Miller, who was called to testify as an adverse party, stated that she was traveling in the easternmost southbound lane on Lake Shore Drive when a car entered the southbound lanes at 31st Street. This car crossed into the lane next to the one in which she was driving, but its left turn signal continued to flash. Miller claims she followed this car for approximately five or six minutes. Suddenly it crossed into her lane, causing her to collide with it. According to Miller only two automobiles were involved in the accident, and both cars were traveling south. As to the identity of the driver of the car which allegedly cut her off, the following colloquy took place:

"Q. [Plaintiff's attorney]. And you found out that the driver of the car which cut you off, was David Wallace, didn't you?

A [Miller]. That's what — who he said he was.

Q. That's the name he gave you? That's the name he gave the police, didn't he?

A. I think it was David L. Wallace."

According to Wallace's testimony, Miller, Wallace and his wife went to Michael Reese Hospital in an ambulance following the accident. Robin also went to Michael Reese, but was driven by a spotter for a towing company who had stopped at the scene of the accident. The Randells drove to Skokie Valley Hospital, which was located near their home. Miller, however, claimed that she was driven to Michael Reese in a police patrol car with the Wallaces and another young man named Samuel Lee.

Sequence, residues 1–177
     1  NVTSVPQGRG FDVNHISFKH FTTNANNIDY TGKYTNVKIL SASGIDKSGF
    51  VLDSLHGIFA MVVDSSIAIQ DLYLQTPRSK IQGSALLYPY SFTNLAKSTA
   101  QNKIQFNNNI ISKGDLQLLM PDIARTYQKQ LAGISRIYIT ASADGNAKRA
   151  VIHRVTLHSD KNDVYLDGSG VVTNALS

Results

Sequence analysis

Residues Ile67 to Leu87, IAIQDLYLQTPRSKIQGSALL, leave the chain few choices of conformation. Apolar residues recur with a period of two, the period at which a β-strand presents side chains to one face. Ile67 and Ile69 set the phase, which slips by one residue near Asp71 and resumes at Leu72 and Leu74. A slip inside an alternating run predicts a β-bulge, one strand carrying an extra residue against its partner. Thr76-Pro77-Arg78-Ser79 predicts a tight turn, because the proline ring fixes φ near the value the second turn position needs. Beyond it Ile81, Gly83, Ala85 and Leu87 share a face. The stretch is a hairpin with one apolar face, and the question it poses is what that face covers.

Robin claimed that as a result of the accident he sustained a permanent injury to his left wrist. At the hospital, following the collision, X rays were taken of his left wrist, head and neck, and he was examined by a staff doctor who wrapped the wrist in a bandage. The next day Dr. Samuel Willens placed Robin's arm in a cast. The cast was removed about five weeks later. After a few weeks, the wrist was still painful and he was unable to move it. About 10 weeks after the accident, a second cast was placed on the wrist for an additional five weeks. He also received steroid injections from Dr. Willens. The wrist has a cracking or grating sound. After the second cast was removed, Robin was fitted with a brace, which he wears every day.